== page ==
Professor Ido Bruno's address as he takes up his role as Director of the Israel Museum
Let's start with a great lie: that all my life I dreamed of running the Israel Museum. But that isn’t so.
The small truth is that my life has been intertwined with this place in more ways that I can even comprehend. I started out here as a child in the classes of the Youth Wing where I learned from such extraordinary artists as Yocheved Weinfeld and Yossi Asher, whose teaching has remained with me until today. Later, when I came to work here in the 1980s, I also learned from Pesach Ruder, Nahum Slepak, Ruta, Suzanne Landau, and many other excellent people. During and after my academic studies, I got to know objects, spaces, and many people, and became profoundly attached to this place.
It was hard for me to decide what to say here. I wanted to present myself honestly with this address, yet without placing myself at the center.
The thought of engaging with this complex place moves me greatly, since I am so conscious of its many layers: creativity, culture, technology, a burning passion for material, shape, and color, as well as financing, and of course, people.
From all of these things, and many more I did not include, I have chosen just a few which are pertinent to the path we will be walking on together from this day forward.
As much as anything else, Museum work seems to be like a huge Hollywood film set: hundreds of people, scores of departments, functions, disciplines, communities, and sub-communities. Enormous bodies of knowledge acquired over decades, some of them from faraway lands, and some of them slowly accumulating within the Museum walls – all evolving in parallel, and eventually culminating like the tip of an iceberg, in the form of an exhibition or event. None of this can be accomplished without constantly refining the way we work together. I expect to be dealing with this regularly, and to learn, I hope, new and innovative ways for us to think and work together.
I would like to share with you a short story from the history of the Israel Museum.
Some of you probably know this story, but this time I will start at the end - and the ending is that on a high hill, in a certain city of special importance to many people, stands a museum. And in that museum there are many treasures, and some excellent, professional people who guard and nurture those treasures, and ensure that they are well preserved, and that when people come to see them, all is pleasant, beautiful, comfortable, and safe.
And to the west of the Museum buildings lies a garden, an Art Garden.
And the Art Garden is more than beautiful. The sculptures seem to breathe in the mountain air, and those who come to visit the sculptures afford them great respect, because the sculptures are not only beautiful in their own right, but were arranged by a loving hand, a hand that steadied them and created a special environment for them: a crescent-shaped wall with precise slopes, white gravel spaces, and man-made topography that does not push or impose itself on the forces of nature, but rather supports and empowers it, enabling people and sculptures to enjoy each other in the act of creation. And this wonderful garden, built more than 50 years ago, still stirs and delights art lovers, young and old: its beauty has not diminished; its light has not faded. This Garden has its own short story from its early days, a story I love to remember with its own marvelous lesson.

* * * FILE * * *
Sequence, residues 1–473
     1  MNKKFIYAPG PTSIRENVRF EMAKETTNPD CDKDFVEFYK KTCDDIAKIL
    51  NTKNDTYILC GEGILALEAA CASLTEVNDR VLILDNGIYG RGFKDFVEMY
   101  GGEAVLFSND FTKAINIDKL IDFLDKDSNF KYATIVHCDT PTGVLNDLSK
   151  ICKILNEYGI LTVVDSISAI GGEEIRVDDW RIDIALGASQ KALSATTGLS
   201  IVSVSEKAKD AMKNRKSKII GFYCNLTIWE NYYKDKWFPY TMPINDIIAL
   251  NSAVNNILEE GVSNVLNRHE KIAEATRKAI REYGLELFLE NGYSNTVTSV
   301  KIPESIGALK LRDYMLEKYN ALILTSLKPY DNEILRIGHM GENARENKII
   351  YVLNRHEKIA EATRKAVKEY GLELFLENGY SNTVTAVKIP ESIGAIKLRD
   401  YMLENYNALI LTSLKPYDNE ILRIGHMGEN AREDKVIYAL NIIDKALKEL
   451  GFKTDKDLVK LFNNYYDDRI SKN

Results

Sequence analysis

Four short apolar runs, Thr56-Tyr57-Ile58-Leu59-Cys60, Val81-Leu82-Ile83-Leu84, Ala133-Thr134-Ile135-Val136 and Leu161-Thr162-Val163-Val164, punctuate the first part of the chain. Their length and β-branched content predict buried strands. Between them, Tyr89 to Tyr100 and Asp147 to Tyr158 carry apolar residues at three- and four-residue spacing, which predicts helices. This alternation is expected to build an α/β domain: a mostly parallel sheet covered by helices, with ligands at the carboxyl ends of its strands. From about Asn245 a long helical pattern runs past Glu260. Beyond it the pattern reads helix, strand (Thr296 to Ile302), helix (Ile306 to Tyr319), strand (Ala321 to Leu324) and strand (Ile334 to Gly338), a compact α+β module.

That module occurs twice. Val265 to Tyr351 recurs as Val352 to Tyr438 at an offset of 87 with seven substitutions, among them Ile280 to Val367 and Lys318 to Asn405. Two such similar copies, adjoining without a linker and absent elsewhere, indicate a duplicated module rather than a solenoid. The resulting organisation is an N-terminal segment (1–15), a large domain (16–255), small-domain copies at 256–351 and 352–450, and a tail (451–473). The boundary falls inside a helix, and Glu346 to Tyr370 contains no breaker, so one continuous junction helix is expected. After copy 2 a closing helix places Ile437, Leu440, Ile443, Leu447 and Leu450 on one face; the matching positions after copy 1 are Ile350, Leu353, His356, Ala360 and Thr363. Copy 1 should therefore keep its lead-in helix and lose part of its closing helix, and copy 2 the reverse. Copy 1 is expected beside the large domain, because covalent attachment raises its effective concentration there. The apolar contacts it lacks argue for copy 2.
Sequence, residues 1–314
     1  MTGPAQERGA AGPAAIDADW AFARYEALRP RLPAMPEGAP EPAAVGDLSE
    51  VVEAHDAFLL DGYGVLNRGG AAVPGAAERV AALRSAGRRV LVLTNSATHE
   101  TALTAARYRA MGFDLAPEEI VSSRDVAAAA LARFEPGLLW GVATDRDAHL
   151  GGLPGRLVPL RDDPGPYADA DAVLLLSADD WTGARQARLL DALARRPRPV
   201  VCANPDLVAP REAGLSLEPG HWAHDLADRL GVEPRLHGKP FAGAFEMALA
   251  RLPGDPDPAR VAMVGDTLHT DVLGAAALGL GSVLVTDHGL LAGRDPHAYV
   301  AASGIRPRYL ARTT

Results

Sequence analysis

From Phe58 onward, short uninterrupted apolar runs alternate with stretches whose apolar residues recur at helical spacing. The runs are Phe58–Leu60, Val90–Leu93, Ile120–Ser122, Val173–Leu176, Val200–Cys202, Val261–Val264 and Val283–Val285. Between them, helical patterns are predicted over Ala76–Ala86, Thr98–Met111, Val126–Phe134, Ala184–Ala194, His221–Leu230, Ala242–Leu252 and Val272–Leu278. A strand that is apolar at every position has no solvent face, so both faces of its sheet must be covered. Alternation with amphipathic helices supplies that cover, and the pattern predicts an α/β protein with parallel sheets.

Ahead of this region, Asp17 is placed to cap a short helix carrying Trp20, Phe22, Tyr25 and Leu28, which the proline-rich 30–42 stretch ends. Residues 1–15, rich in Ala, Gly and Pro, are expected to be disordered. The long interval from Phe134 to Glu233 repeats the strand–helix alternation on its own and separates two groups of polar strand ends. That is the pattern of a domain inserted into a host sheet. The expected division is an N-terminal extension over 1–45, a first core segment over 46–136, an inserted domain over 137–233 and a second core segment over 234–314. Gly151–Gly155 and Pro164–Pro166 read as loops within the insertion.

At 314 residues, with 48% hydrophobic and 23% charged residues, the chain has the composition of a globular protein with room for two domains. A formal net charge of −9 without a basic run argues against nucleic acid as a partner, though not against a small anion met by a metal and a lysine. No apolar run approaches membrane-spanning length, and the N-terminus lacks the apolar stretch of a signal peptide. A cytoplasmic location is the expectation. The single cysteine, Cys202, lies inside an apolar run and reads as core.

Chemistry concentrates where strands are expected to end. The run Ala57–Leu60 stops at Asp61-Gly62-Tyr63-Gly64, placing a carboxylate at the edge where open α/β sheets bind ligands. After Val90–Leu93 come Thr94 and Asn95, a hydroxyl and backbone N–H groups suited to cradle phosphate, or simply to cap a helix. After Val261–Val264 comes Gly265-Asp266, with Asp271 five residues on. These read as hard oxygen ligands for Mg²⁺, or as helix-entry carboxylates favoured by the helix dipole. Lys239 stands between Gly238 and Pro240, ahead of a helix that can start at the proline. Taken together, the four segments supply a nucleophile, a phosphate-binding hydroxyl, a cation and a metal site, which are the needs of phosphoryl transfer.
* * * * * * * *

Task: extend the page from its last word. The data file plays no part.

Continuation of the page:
And now I come to the short story - in 1960, some 57 years ago, four people came to this garden on a cold and dark morning, before it had become a garden and was still only a windswept hillside. One was named Karl Katz, another Ralph Goldman, a third went by the name of Billy Rose, and the fourth was Isamu Noguchi. They came to visit because a short time earlier, Noguchi, a Japanese–American landscape sculptor and architect, had been asked to design a sculpture garden for the works that Billy Rose was donating from his private collection – a Sculpture Garden for a new Museum in Jerusalem; a new Museum for a young state.
Noguchi came up with a set of plans, and had a beautiful idea that came to mind as he worked on the project in his studio in the United States: a series of walls of differing heights, ostensibly scattered randomly over an area of about 20 dunams, (seven acres) serving as various backdrops for the sculptures in the garden; a kind of archaeological site where some of the walls looked like ruins.
The quartet slowly climbed the hill, looking west toward the Hebrew University in its new location on Givat Ram. Noguchi stood silent for a long time, then slowly ripped the plans he had brought with him into tiny pieces and let them be carried away by the wind. He explained that all his plans were wrong, and now that he saw and felt the place, he must return to the drawing board to plan something entirely different.
The end of the story lies here in the Museum in the form of the Art Garden: its crescent-shaped hills, its wild retaining walls; its gravel; and its landscape.
The moral of the story almost does not have to be spelled out. You have to dream, and plan, lay down lines on paper, and share your ideas with the room. But you have to be in the place itself, feel it as it really is, and as it wants to be, and be ready to rethink and plan something else entirely.
I have known this story for many years and it has accompanied me in my work as a curator and designer. It will certainly continue to follow me in my new role here as well.